With my hand on the wheel and my brain in neutral . . .

Archive for the ‘My world’ Category

Diving the Tokai Maru

The Tokai Maru

I came across my old diving watch and offered it to my nephew, and when I told him via text I’ve had the watch 120 feet down in the ocean, he texted back, “Tell me more.” So here it is, the story of my first dive on the Tokai Maru, a WWII Japanese freighter sunk in Apra Harbor, Guam.

A lifetime ago, right after high school I was in the Navy and assigned to a stateside ship that soon had its homeport changed to Guam for the next two years. That was fine with me because I’d wanted to spend some time in the tropics: at age 15 reading Robin Lee Graham’s Dove had firmly seeded that desire. A few of my shipmate friends and I learned to scuba dive, and we had our choice of coral reefs and WWII wrecks. There was a relatively shallow dive on a Japanese Zero, an American tanker, and deep dives on the German WWI Cormoran and the Japanese WWII Tokai Maru. The Tokai was lying on her side, one rail at 110 feet and the other at 130.

Here’s the thing about deep water: every 30 feet or so is equivalent pressure to the average pressure of the atmosphere we live in, so when you go down 120 feet, you have four times the usual pressure pushing in on you everywhere. You don’t notice it much – it’s not like swimming in molasses – but your body processes are affected. I’m not going to talk about nitrogen absorption and all that, but I will point out that at 120 feet your lungs must hold four times the air as they usually do or they will be crushed. Luckily, four times the quantity doesn’t mean four times the volume: it’s pressurized. This allows a really neat trick. If you have to, absolutely have to, you can swim to the surface, slowly, with just the air in your lungs, exhaling the whole way. If you hold your breath, the air expands and will explode your lungs. You blow bubbles and let them rise just a little faster than you. The longer you’ve been deep the more likely a fast ascent will give you the bends, but once topside with help you have a chance to survive. Good to know, but don’t do it for fun, because it won’t be.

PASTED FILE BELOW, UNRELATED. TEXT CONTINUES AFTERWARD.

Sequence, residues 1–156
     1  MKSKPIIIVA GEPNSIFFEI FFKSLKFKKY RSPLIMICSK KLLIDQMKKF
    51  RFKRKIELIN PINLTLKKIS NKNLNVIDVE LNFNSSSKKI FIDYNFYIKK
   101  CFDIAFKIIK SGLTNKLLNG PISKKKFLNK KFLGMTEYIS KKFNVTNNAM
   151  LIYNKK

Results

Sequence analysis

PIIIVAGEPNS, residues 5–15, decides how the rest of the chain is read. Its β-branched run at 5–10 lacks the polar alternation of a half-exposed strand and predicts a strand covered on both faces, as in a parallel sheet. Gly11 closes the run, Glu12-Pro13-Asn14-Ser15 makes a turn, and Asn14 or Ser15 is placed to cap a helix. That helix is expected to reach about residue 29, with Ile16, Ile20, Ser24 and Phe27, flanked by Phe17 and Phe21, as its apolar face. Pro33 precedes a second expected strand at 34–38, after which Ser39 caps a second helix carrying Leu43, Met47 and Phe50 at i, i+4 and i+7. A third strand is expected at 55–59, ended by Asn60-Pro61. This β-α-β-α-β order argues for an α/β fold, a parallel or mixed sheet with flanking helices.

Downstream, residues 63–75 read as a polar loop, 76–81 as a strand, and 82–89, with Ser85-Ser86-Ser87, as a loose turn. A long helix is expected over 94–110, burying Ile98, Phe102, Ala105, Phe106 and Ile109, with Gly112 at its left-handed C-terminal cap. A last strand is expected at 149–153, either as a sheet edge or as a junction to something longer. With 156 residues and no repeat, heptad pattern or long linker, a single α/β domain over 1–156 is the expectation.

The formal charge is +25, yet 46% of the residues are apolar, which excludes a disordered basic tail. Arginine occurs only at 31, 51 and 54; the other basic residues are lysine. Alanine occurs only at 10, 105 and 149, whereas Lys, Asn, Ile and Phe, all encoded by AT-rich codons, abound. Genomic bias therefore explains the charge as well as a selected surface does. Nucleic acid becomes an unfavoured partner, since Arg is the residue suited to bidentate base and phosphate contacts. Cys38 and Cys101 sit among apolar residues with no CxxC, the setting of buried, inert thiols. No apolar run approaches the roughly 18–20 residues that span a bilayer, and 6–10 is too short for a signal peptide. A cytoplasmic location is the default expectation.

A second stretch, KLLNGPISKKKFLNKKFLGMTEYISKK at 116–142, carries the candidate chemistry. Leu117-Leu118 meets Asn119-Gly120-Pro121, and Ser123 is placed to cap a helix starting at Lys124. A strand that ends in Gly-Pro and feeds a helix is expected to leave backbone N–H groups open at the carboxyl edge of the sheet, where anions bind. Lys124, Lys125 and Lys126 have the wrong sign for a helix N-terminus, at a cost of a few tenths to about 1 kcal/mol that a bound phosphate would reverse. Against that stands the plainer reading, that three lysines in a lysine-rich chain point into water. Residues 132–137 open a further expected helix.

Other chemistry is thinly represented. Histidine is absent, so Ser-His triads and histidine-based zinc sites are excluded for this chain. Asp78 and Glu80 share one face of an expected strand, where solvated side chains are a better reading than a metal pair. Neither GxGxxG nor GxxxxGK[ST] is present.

The plan for the dive was simple. It wasn’t all that smart, but it was simple. A friend of ours from the boat club would give us a ride out with an inflatable Zodiac, drop us off, and come back to get us – if his workload permitted. If not, we’d use our BC vests (buoyancy control) to stay on top and slowly kick our way in. This plan was more to my dive partner’s liking than mine, mainly because he was a former Marine and I was a 142 pound, 5’ 10” skinny shit with a 29” waist. I wasn’t going to let that stop me from having an adventure, though.

Back then, before the advent of GPS, to dive the Tokai first you have to get on top of her, which we did by going out on a boat, lining up distant landmarks to triangulate our position, and then going down to look for her. As we allowed ourselves to sink, to spot our target we’d slowly spin round and round. My timing with this on my first Tokai dive was perfect. I must have come within range of sight while my back was turned, because as I slowly spun around, all at once, ta-da, there she was! Well, not actually all at once, because it was an entire ship and the deep water was dark, but her working masts were jutting upwards, covered in 40 years of marine growth, some of it trailing in wispy strings, all of it looking a little spooky in a Flying Dutchman sort of way. It was great fun to come upon her in this way and not by her form just gradually taking shape out of the darkness. Since I was nearly weightless, suspended in endless dark water almost like an astronaut in space, it was easy to feel that the ship had come to me and not I to it.